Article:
Dayton Martindale

Exactly. I think on Biden’s website, it includes the element that he’s going to retrofit and weatherize four million buildings and two million homes in his first term and create one million jobs. And what is clarified in the draft platform. that came out last week, that Politico obtained, is similar wording, except to say it’s going to incentivize tens of billions in private sector investment to do these things. So, again, it’s not Biden wants to do these things directly, he wants to give businesses the chance to do that. I think that’s a risk that in a capitalist system, are these corporations really going to be prioritizing what the most effective way to weatherize a home? What’s the most effective way to green the grid or the cheapest way? And so I think you might get knock-off effects, that these transitions won’t necessarily be done in a way that’s good for not only workers, in their working capacity, but in their capacity, just as people living there might be local pollution or whatnot. And yeah, I think Biden still kind of believes in this sort of competitive framework. It’s very clear when he talks about the auto industry where he says he wants to win the twenty first century with a million new auto industry jobs and really build up the US auto industry with electric vehicles and electric vehicle infrastructure and his frame is, “we’re going to take on China to do this”, right, “China is leading the way in EVs and that’s not right, this needs to be American technology, American made technology that we can export abroad because only Americans can do this technology correctly”. And that’s kind of Biden being more or less like, you know, if China has every technology, why can’t we use that?

Paul Jay

I’d go further. And I think the environmental movement needs to really get their head around what I’m about to say now, I’m sure there are some that have, but let me talk to the ones that haven’t. If the United States and China do not cooperate on dealing with climate and the pandemic, and this pandemic isn’t going away any time soon, if there isn’t a US-China real cooperation we’re done for, there is no way there’s going to be an effective climate policy without China and the United States radically taking action. And there’s no way China is going to if the US doesn’t and the US won’t if China doesn’t. So that means they have to have some kind of real agreement that they’re going to do it.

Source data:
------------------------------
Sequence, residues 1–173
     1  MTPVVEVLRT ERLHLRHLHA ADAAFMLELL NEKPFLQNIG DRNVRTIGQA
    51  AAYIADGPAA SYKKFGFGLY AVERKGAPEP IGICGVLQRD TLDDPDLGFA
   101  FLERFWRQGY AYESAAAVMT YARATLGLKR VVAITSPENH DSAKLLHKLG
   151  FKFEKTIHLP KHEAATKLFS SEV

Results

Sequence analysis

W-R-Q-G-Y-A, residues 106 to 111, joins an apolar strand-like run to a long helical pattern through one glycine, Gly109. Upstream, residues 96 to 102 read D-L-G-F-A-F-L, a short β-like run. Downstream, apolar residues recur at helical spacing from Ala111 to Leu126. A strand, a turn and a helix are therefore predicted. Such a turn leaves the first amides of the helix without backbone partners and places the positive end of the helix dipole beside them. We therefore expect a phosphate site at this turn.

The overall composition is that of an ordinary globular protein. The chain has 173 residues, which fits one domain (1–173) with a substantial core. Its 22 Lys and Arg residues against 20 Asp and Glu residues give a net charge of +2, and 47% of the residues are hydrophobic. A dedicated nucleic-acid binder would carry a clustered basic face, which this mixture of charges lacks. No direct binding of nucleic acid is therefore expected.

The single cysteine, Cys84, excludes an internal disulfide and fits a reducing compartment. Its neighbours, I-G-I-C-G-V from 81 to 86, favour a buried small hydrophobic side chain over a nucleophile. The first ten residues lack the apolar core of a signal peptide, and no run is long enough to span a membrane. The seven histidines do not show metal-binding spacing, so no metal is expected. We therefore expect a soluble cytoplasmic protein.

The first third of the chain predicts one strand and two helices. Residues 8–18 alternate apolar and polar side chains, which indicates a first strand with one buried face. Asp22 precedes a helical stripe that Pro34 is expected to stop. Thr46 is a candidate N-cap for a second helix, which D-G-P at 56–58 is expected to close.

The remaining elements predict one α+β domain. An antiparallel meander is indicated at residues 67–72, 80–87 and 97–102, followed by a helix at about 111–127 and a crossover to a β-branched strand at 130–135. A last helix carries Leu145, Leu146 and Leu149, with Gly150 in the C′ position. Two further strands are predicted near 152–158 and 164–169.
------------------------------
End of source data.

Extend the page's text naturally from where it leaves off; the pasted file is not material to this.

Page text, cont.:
And not only is Trump, of course, trying to create as much provocation with China as he possibly can, Biden’s trying to out China and bash Trump. I mean, they had an ad a few weeks ago where Biden was going after Trump for being weak on China, and you can just see this theme unfolding during the campaign. In what position will Biden be to create this kind of necessary collaboration after a whole election campaign about he’s more militant anti-China than Trump is?

Dayton Martindale

Yeah, I couldn’t believe that ad when it came out. It really, I think, is a tension in the party potentially because I was reading the draft platform and there’s a lot of language around not wanting to start a new Cold War with with China, but also sort of wanting to be stricter with it than Trump has been. And so it’s like, you know, they want to pay lip service to the fact that we’re not trying to be provocative, we’re just provoking them. And then if you look at the new climate plan from Biden didn’t get a lot into international stuff, it was more focused on domestic manufacturing. But if you look at the one he released last year, international diplomacy was a big element of it. And the whole tone was China is a bad actor, China is emitting too much, and the U.S. needs to take leadership to show them who’s boss. And it’s like, yeah, China is a big emitter.